For TEM analysis, specimens were then trimmed and ultrathin sections (90 nm thickness) were acquired and transferred to pioloform F (polyvinylacetate)-coated slot grids. Staining was performed within an automated system (Leica EM Stain) with uranyl acetate (5 g/l for 30 min) and lead citrate (5 g/l for 50 min) at 25 °C.

The various turns of the cochlea were analyzed and the SG from the lower basal, upper basal, lower middle, and upper middle regions was sectioned separately. Special attention was given to the structural relationship between the surrounding SGCs and Type I neurons. Sections were viewed in a JEOL 100 SX electron microscope (Uppsala) and in Zeiss LIBRA (Institute of Zoology, Innsbruck) and Philips CM 120 (Division of Anatomy, Histology and Embryology, Innsbruck) transmission electron microscopes.

Control of antibody specificity against connexin 43

We used the following controls:
  • Positive controls
    1. 1.

      Guinea pig cerebellum

    2. 2.

      Guinea pig heart tissue

    3. 3.

      Guinea pig trigeminal ganglion

    4. 4.

      Human cochlear tissue: (a) lateral wall, (b) organ of Corti

    5. 5.

      Human cochlear nerve (transitional zone)

  • Negative controls
    1. 1.

      Guinea pig spiral ganglion

    2. 2.

      Primary antibody omission

First, positive immunostaining characteristics were analyzed in the guinea pig lateral cochlear wall and compared with the spiral and trigeminal ganglion and cerebellum. Secondly, two different types of antibodies were used that targeted phosphorylation properties of the protein residues. These antibodies were tested on guinea pig heart muscle (Fig. 1d, e). Thirdly, negative controls were carried out by omitting the primary antibody. Finally, the staining properties of the transitional zone of the auditory nerve were studied.
Fig. 1

Immunohistochemistry of the human inner ear and technical controls in guinea pig cerebellum, heart and trigeminal and spiral ganglia. a Immunohistochemistry of guinea pig cerebellum. Neural marker TUJ1 (tubulin green) stains Purkinje cells and nerve processes. Expression of myelin basic protein (MBP red) is seen in the central axon but not in the peripheral nerve processes. b In the guinea pig spiral ganglion, the Schwann cells surrounding the perikarya express MBP. c Positive Cx43 reaction in guinea pig trigeminal ganglion cell bodies. Reaction product occurs as dots (arrow) and represents gap junction intercellular channels between individual glial cells (asterisks trigeminal ganglion neurons). Inset in c Ganglion cell bodies are TUJ1-positive and surrounded by unmyelinated satellite cells that are immune-positive for S-100. d, e Immunolabeling with two different antibodies (ab1 and ab2; Table 1) against connexin 43 (Cx43) in guinea pig heart muscle. f, g Positive immunoreaction for Cx43 (green) and Cx30 (red) in the human spiral ligament and stria vascularis. The connexin reactivity is seen both separately and co-expressed. h Cx43 expression in central glia in the transitional zone of the human auditory nerve. Bars 100 μm (a–c, inset in c), 15 μm (d, e), 25 μm (f, g), 20 μm (h)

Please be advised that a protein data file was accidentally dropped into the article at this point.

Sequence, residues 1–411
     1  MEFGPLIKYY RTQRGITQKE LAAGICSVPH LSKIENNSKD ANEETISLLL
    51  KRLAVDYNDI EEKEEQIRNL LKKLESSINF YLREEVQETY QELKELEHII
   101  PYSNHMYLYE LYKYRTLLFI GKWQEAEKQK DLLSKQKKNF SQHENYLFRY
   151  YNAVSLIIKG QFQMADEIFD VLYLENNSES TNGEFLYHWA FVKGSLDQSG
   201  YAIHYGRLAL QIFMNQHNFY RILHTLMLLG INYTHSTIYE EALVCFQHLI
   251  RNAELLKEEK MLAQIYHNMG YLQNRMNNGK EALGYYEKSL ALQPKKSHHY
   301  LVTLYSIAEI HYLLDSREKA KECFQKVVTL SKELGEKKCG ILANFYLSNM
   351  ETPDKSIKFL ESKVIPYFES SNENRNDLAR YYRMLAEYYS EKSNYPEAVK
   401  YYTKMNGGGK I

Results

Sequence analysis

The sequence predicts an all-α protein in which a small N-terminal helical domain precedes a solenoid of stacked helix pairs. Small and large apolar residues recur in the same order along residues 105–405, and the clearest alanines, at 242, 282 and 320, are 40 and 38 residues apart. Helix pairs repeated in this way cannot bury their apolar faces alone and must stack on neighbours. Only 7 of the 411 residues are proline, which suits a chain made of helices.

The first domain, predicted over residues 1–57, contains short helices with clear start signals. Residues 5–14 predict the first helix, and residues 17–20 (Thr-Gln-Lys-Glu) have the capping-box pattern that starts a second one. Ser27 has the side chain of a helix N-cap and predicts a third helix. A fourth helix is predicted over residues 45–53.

Cochlear fixation and sectioning of human cochlea

The study is based on 5 human (2 male, 3 female; ages: 45–56 years) cochleae removed during surgery. The cochleae were taken from patients with giant petro-clival meningioma, a life-threatening condition and were dissected out during a trans-cochlear operation. Most of the ears had normal pure tone thresholds before the operation. The mean pure tone thresholds (PTA) were below 15 dB in four patients. In one patient, values were between 25 dB and 35 dB at 2000 Hz and over. The cochleae were dissected out and immediately placed in 4 % para-formaldehyde (PFA) in 0.1 M phosphate-buffered saline (PBS; pH 7.4). At the starting point of the fixation, the cochleae were gently perfused with fixative with a small cannula. After 24 h of fixation, the fixative was replaced with 0.1 M PBS and decalcification of the cochleae was carried out in 0.1 M Na-EDTA in phosphate buffer at pH 7.2. Four weeks later, the decalcified cochleae were rinsed with PBS and made ready for frozen sectioning. The cochleae were embedded in Tissue-Tek O.C.T. (Poly-sciences, Warrington, Pa., USA) and sectioned in a cryostat at 8–10 μm. The sections were collected on gelatin-chrome coated slides and stored below −70 °C.


Antibodies against Cx43, glial cell marker S-100, myelinating glial cell marker myelin basic protein (MBP) and neuron marker TUJ1 (tubulin) were employed for immunohistochemistry on the human cochlear sections in both a single- and double-staining fashion. Table 1 shows the combinations, dilutions and sources of the major antibodies used in the study. Incubation of the sections with single or mixed antibodies was carried out under the protocol as previously reported (Liu et al. 2009, 2011a, 2011b). Briefly, sections covered with antibody solution were placed in an atmosphere at 4 °C for 20 h. Sections used as negative controls in each experiment were incubated with 2 % bovine serum albumin (BSA) instead of antibodies. After incubation with primary antibodies or BSA, the sections were rinsed with PBS (3 × 5 min). Sections were subjected to reaction with Alexa Fluor 488 and 555 (Molecular Probes) conjugated to secondary antibodies (Invitrogen, USA), for 2 h at room temperature. This was followed by counterstaining with DAPI (4′,6-diamidino-2-phenylindole; Invitrogen, USA; lot no. 474302) for 5–7 min at room temperature. Sections were mounted with Vectashield (Vector Labs). As a positive Cx43 antibody control, frozen sections of guinea pig trigeminal ganglion and cerebellum were obtained by using the same methods as those used for obtaining human cochlear sections. We employed trigeminal ganglion for positive antibody control because Cx43 expression has been reported in the nociceptive ganglion of rodents (trigeminal ganglion, Vit et al. 2006; dorsal root ganglion, Procacci et al. 2008).